Identification of cell death endonuclease inhibitors as potential anti-toxicity drugs
Journal of Clinical Toxicology

Journal of Clinical Toxicology
Open Access

ISSN: 2161-0495

+44 20 3868 9735

Identification of cell death endonuclease inhibitors as potential anti-toxicity drugs

6th Global Summit on Toxicology & Applied Pharmacology

October 17-19, 2016 Houston, USA

Alexei G Basnakian, Dae Song Jang, Tariq Fahmi, Narsimha R Penthala and Peter A Crooks

University of Arkansas for Medical Sciences, USA
Central Arkansas Veterans Healthcare System, USA

Scientific Tracks Abstracts: J Clinic Toxicol

Abstract :

Apoptotic endonucleases are the enzymes that universally induce irreversible cell death by fragmenting DNA in response to cell injury. While most of the DNase/endonuclease activity is used after cell death, the latest studies showed that genetic inactivation of some endonucleases provide protection of cells and tissues against DNA breaks induced by cytotoxic stimuli. These data suggest that DNases act before the â??point of no returnâ? in cell death, and display a possibility for new therapeutics aimed to inhibit endonucleases for tissue protection. However, inhibitors of apoptotic endonucleases are not available. We have developed several high throughput screening assays based on a proprietary fluorescent probe. This assays applied in solution allowed the identification of several new inhibitors of two apoptotic DNases, deoxyribonuclease I (DNase I) and endonucleases G (EndoG). The DNase inhibitors were able to partially protect kidney cells and mice from cisplatin toxicity. These or similar assays have a great promise as tools for new drug discovery.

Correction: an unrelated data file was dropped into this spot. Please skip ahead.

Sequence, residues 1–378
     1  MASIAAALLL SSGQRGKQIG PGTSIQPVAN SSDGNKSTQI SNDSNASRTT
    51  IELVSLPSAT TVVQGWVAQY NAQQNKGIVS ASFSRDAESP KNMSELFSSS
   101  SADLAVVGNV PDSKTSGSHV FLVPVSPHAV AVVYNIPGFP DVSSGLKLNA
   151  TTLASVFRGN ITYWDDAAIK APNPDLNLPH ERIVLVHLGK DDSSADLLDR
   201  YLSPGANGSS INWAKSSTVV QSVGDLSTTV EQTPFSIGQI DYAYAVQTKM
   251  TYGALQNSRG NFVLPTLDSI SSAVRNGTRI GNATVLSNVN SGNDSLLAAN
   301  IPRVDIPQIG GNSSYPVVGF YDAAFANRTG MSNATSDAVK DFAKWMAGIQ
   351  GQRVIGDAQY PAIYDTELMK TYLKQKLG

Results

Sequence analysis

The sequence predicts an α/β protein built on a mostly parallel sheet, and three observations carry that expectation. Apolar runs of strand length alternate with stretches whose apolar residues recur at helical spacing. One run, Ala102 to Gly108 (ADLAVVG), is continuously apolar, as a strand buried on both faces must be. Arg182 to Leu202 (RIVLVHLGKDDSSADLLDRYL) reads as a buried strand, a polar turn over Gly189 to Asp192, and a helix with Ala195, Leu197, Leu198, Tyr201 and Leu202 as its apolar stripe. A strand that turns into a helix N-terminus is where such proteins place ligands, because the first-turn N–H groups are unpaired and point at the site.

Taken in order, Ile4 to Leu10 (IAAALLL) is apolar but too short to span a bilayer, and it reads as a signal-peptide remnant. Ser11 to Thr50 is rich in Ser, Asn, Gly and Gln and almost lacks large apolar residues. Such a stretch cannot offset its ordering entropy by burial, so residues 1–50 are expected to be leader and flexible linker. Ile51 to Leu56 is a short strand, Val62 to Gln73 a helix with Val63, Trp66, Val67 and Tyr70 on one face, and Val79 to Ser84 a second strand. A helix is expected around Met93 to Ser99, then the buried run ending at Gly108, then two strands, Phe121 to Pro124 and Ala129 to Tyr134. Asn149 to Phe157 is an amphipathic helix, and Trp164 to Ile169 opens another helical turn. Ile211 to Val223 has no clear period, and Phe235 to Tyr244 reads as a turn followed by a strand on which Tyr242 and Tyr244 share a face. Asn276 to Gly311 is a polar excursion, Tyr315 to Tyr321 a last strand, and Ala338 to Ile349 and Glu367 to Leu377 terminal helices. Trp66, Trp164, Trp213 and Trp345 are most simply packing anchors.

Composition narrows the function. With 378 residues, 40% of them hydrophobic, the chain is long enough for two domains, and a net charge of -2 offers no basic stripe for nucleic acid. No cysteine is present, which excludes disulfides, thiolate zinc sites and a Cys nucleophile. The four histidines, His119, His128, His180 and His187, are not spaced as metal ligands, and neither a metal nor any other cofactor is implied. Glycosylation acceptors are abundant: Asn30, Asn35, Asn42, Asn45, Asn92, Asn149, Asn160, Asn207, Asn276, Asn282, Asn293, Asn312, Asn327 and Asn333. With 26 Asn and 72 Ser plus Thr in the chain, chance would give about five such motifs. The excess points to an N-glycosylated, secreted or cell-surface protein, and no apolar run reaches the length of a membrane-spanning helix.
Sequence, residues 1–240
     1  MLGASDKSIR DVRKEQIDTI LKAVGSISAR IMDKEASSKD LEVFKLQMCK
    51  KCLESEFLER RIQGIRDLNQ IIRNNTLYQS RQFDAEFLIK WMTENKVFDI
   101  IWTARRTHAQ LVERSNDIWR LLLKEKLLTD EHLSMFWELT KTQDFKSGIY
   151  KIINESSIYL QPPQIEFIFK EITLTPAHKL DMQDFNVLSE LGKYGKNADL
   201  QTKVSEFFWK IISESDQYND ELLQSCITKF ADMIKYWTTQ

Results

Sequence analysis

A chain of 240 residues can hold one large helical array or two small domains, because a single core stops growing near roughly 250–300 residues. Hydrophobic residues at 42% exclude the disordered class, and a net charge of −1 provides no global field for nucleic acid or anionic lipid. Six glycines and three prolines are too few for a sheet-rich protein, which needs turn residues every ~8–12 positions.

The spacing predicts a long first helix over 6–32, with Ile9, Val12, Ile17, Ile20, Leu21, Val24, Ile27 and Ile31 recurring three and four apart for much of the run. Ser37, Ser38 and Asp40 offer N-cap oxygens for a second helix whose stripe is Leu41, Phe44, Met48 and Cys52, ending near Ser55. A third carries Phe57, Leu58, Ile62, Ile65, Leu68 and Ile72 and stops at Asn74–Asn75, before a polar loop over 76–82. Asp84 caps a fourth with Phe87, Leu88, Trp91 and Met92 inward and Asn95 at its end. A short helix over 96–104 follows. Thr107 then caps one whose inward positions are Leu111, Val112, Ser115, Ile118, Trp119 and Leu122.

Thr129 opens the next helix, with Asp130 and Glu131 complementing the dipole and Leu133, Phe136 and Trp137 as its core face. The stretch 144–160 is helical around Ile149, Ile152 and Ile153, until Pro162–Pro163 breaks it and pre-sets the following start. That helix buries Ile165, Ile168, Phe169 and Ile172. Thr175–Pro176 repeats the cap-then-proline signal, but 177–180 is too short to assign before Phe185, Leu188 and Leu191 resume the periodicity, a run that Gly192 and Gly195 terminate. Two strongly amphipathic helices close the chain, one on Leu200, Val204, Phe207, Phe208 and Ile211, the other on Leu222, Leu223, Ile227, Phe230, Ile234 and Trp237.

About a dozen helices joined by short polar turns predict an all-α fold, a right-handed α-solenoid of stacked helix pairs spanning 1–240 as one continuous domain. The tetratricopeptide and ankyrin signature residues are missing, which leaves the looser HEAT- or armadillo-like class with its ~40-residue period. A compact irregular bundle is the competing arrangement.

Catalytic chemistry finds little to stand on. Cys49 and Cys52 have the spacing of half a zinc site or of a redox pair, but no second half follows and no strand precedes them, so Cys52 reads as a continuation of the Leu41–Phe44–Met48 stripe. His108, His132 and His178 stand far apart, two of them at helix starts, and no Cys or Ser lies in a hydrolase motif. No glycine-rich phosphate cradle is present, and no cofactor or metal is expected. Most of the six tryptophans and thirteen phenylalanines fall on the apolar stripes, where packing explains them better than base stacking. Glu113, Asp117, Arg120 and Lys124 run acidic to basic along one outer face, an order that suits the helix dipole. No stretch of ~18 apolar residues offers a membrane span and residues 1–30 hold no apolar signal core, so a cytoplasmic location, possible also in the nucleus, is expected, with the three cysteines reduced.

Biography :

Alexei G Basnakian received his PhD and DSc degrees from the Russian Academy of Medical Science, both in the field of DNA endonucleases. He had Postdoctoral trainings in Molecular Biology at the Harvard Medical School and in Toxicology/Cancer Research at the National Center for Toxicological Research. He is Professor in the Department of Pharmacology and Toxicology, and Director of the DNA Damage and Toxicology Core Center at the University of Arkansas for Medical Sciences, and Research Career Scientist at the Veteran’s Hospital in Little Rock, Arkansas, USA. He is an author of more than 85 peer-reviewed papers and 12 reviews or book chapters. He is an Editorial Board Member of several biomedical journals, and a member of NIH and VA grant study sections. His research interests are in DNA endonucleases and DNA damage associated with toxicity, anti-cancer therapy, cell injury and cell death.

Email: [email protected]